It said Matos Rodríguez’s 2005 collection of writings by noted Puerto Rican feminist and labor organizer Luisa Capetillo, “A Nation of Women: An Early Feminist Speaks Out,” was reissued in paperback by Penguin Classics late last year.
CUNY said the chancellor recorded an audio version of the book’s revised introduction.
It said CUNY has long been a home for renowned women faculty. Groundbreaking physics researcher Myriam P. Sarachik found a home at City College in 1964, at a time when it was very rare for women scientists to secure full-time faculty appointments, CUNY said.
It said Dr. Sarachik, a distinguished professor emerita who passed away in October 2021, received the 2020 American Physical Society Medal for Exceptional Achievement in Research, one of the highest honors in her field.
Continuing this trend, CUNY said the Graduate Center has had two professors elected to the prestigious American Academy of Arts and Sciences in recent years: Professor Ruth Wilson Gilmore in 2021 and presidential professor Miranda Fricker in 2020.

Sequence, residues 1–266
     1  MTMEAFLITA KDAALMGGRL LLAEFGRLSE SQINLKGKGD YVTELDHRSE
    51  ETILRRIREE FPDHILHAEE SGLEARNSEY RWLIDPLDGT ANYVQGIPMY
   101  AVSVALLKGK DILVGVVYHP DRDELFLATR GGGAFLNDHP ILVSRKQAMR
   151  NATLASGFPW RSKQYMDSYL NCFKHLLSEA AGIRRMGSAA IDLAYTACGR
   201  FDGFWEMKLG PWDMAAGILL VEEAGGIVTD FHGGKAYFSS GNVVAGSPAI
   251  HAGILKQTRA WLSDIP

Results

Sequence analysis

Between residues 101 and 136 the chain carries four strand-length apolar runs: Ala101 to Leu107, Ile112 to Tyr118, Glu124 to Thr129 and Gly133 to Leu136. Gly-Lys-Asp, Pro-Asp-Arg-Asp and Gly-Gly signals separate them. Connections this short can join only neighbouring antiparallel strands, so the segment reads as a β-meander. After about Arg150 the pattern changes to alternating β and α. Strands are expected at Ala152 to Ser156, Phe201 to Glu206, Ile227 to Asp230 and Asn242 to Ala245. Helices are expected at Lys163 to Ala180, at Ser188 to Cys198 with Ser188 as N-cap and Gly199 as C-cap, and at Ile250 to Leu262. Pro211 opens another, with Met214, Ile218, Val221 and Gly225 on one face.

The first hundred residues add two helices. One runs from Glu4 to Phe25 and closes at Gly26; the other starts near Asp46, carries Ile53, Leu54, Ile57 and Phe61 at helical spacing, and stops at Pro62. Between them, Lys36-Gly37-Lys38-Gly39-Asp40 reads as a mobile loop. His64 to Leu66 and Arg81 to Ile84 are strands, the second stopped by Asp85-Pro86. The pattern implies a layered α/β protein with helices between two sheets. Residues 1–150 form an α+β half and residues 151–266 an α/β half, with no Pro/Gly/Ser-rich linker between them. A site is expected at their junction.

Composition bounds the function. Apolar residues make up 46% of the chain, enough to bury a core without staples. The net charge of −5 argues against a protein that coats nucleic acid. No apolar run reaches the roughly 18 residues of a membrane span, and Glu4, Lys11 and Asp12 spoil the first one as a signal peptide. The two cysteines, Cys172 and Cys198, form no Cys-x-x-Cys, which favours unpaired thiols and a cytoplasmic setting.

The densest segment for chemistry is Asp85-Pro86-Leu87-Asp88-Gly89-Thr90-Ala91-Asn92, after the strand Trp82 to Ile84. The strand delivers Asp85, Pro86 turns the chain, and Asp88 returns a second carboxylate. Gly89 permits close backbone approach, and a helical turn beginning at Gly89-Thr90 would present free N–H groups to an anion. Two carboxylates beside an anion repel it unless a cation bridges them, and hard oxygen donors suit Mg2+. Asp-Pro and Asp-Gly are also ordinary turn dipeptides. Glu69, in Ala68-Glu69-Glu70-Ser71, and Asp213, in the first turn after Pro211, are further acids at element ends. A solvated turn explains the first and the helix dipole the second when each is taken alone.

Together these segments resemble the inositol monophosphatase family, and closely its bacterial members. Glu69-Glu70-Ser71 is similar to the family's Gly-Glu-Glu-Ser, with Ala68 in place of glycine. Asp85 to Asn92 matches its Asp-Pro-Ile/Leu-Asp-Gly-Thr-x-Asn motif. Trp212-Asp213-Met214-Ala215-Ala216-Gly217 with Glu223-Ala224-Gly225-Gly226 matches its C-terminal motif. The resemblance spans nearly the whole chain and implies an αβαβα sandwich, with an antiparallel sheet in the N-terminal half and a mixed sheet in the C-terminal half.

CUNY said women on faculty have also had many successes in humanities and the arts.
Last year, it said Tania León, distinguished professor emeritus at Brooklyn College, won the 2021 Pulitzer Prize in Music.
Three CUNY educators were awarded Guggenheim Fellowships in 2020: Helen Phillips and Sigrid Nunez at Brooklyn College, and Valerie Tevere at College of Staten Island, CUNY said.
In 2019, it said decorated poet and Baruch College distinguished professor Grace Schulman was elected to the American Academy of Arts and Letters.
CUNY also said that distinguished professor Kimiko Hahn of Queens College received the American Book Award in 2016 and earned the PEN/Voelcker Award for Poetry in 2008.
Leading sociologist and oft-cited labor movements expert Ruth Milkman serves as distinguished professor at the Graduate Center and CUNY SLU, while internationally renowned social scientist Frances Fox Piven is a distinguished professor emerita at the Graduate Center, who first joined the faculty there in 1982, CUNY said.